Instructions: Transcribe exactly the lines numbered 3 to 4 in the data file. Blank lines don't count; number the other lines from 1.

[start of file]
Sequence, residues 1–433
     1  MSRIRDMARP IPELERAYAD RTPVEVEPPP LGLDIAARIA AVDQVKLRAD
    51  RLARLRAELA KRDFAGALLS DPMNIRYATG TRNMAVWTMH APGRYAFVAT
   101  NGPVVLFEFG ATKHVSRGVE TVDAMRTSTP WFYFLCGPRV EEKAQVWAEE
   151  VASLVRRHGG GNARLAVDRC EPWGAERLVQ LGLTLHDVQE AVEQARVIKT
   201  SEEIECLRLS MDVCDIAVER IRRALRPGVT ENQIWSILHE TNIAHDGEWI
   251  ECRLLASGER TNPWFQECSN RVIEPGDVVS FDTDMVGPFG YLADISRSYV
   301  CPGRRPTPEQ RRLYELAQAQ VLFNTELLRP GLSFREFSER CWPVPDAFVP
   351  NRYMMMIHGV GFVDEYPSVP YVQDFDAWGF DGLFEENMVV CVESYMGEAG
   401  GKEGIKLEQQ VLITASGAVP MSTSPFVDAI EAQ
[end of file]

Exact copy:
    51  RLARLRAELA KRDFAGALLS DPMNIRYATG TRNMAVWTMH APGRYAFVAT
   101  NGPVVLFEFG ATKHVSRGVE TVDAMRTSTP WFYFLCGPRV EEKAQVWAEE